In 1973, after the cancellation of Bonanza following a 14-year run, Greene joined Ben Murphy in the ABC crime drama, Griff, about a Los Angeles, California, police officer, Wade "Griff" Griffin, who retires to become a private detective. When it failed to gain sufficient ratings and was cancelled after 13 episodes, Greene thereafter hosted the syndicated nature documentary series Last of the Wild from 1974-75.
In the 1977 miniseries Roots, he played the first master of Kunta Kinte, John Reynolds. Through the 1970s, Greene was the spokesman for Alpo Beef Chunks dog food commercials, one of the possible origins of the phrase "Eating your own dog food". In 2007, TV Guide listed Ben Cartwright as the nation's second most popular TV Father (behind Cliff Huxtable). Greene was also known for his role as Commander Adama, another patriarchal figure, in the science fiction television series Battlestar Galactica (19781979) and Galactica 1980 (1980). Greene's typecasting as a wise father character continued with the 1981 series Code Red as a fire department chief, whose command includes his children as subordinates. Greene appeared with his former Bonanza co-star Michael Landon on an episode of Highway to Heaven. Greene also appeared with his former Bonanza co-star Pernell Roberts on a two-part episode of Vega$.
In the 1980s Greene devoted his energies to wildlife and environmental issues, including hosting and narrating the nature series Lorne Greene's New Wilderness, a show that promoted environmental awareness.
He appeared in the HBO mockumentary The Canadian Conspiracy, about the supposed subversion of the United States by Canadian-born media personalities. For nearly a decade, Greene co-hosted the Macy's Thanksgiving Day Parade on NBC with Betty White. He is also fondly remembered as the founder of Toronto's Academy of Radio Arts (originally called the Lorne Greene School of Broadcasting).
Greene was married twice, first to Rita Hands of Toronto (19381960, divorced). Some reports list the start of their marriage as 1940. They had two children, twins born in 1945: Charles Greene and Belinda Susan Bennett. His second wife was Nancy Deale (19611987, Greene's death), with whom he had one child, Gillian Dania Greene. In 1993, Gillian would marry director Sam Raimi, and later name a son, Lorne Raimi, after her dad.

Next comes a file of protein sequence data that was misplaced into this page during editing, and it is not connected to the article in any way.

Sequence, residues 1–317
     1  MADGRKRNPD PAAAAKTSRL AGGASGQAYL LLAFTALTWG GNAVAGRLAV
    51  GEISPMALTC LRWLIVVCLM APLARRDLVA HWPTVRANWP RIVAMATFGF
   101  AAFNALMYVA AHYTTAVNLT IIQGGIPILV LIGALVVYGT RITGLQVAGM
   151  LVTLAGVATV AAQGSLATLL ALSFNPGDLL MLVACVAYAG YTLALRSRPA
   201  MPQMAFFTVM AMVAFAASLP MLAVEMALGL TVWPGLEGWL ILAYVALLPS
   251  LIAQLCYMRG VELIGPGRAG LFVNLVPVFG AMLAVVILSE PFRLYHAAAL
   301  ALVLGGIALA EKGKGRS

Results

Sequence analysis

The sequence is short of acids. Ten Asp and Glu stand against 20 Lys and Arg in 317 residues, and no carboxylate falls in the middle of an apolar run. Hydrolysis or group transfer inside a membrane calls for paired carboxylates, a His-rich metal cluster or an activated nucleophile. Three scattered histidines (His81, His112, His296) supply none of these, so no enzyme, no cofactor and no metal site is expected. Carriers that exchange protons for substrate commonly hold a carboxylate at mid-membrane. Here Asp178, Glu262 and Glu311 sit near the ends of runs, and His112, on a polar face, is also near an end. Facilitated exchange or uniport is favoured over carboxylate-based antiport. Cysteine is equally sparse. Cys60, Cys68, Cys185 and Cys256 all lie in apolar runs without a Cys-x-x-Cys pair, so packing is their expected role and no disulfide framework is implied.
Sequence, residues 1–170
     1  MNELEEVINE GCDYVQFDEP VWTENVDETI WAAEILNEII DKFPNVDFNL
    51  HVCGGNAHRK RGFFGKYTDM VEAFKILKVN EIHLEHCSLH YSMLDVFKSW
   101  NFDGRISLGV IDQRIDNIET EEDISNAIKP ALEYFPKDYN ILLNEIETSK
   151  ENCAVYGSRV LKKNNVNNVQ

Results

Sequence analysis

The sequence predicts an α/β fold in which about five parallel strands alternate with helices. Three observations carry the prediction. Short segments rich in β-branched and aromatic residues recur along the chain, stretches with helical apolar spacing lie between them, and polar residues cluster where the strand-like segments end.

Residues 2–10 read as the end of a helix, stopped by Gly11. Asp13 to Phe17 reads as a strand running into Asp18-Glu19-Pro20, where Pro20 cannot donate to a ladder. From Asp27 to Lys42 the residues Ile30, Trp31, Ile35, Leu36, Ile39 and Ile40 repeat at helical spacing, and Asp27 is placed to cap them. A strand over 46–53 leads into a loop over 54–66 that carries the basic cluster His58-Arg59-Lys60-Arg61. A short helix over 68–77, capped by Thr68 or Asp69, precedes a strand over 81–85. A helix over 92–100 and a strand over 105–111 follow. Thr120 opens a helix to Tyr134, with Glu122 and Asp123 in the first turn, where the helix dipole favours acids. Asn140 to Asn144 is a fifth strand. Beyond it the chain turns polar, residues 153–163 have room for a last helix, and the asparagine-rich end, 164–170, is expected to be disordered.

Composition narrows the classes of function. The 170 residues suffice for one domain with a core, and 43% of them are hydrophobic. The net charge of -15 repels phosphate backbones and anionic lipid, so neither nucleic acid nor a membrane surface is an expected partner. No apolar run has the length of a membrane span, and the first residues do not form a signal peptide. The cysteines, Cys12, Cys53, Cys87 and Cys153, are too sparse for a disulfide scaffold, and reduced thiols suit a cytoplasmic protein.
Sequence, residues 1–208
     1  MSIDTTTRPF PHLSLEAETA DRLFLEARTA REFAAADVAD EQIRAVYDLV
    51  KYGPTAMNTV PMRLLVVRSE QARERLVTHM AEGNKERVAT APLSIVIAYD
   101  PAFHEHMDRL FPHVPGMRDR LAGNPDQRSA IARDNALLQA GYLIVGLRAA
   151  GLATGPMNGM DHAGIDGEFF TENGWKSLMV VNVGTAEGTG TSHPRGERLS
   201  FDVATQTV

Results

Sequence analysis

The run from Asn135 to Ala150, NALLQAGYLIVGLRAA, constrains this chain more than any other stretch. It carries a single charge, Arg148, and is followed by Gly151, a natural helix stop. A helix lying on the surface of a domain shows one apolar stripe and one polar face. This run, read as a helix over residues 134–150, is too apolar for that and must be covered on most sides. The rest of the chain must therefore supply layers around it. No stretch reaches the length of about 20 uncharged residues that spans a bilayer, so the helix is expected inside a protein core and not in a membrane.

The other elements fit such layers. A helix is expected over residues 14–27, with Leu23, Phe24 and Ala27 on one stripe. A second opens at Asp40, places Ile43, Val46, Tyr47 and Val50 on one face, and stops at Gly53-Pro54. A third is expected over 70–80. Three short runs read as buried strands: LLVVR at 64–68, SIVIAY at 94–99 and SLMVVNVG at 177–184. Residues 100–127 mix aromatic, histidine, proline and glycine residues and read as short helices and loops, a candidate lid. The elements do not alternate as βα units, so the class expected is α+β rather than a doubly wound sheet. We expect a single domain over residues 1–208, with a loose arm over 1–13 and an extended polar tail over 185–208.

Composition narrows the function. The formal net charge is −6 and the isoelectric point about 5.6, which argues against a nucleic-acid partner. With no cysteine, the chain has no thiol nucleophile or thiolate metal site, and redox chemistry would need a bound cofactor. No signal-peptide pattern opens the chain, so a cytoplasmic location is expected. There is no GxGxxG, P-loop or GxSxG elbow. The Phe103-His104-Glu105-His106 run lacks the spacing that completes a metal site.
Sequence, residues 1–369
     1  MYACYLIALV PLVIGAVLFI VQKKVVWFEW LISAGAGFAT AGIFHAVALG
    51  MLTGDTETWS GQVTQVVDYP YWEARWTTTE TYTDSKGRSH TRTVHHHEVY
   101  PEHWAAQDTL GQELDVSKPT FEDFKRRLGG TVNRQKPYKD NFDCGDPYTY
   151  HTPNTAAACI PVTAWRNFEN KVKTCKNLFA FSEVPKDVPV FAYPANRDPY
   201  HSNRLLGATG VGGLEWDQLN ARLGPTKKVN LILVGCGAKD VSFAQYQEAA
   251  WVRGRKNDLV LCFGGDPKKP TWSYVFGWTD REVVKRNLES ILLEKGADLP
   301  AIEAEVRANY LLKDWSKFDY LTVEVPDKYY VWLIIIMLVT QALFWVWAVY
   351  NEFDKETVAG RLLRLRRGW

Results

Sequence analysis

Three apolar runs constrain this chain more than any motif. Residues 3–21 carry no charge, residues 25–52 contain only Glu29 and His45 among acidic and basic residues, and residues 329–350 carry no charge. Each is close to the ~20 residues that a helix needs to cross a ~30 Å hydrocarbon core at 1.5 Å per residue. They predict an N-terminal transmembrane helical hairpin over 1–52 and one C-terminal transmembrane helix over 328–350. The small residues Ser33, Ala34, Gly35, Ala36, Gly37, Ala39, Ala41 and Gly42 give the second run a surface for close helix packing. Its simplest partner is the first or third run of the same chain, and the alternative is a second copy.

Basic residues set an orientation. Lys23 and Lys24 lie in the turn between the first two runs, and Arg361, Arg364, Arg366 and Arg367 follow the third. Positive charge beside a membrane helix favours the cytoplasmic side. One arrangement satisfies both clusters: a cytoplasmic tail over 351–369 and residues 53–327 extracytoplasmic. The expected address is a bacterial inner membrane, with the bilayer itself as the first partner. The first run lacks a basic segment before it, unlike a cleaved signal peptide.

The Ponderosa II House was built by Greene in 1960 in Mesa, Arizona. It is located at 602 S. Edgewater Drive. It is a replica of the Bonanza set house from the former Ponderosa Ranch in Incline Village, Nevada. It is listed in the Mesa Historic Property Register.
Greene died on September 11, 1987, aged 72, from complications from pneumonia, following ulcer surgery, in Santa Monica, California. He was interred at Hillside Memorial Park Cemetery in Culver City.
Greene was made an Officer of the Order of Canada on October 28, 1969, "for services to the Performing Arts and to the community."
Greene was awarded an honorary Doctor of Laws degree by his alma mater, Queen's University, in 1971. He was the 1987 recipient of the Earle Grey Award for Lifetime Achievement at the Canadian Gemini Awards. He has a star on the Hollywood Walk of Fame at 1559 N. Vine Street.
In May 2006, Greene became one of the first four entertainers to ever be honoured by Canada Post by being featured on a 51-cent postage stamp.
In February 1985, Greene was the Krewe of Bacchus King of Mardi Gras. Greene was inducted into Canada's Walk of Fame in 2015.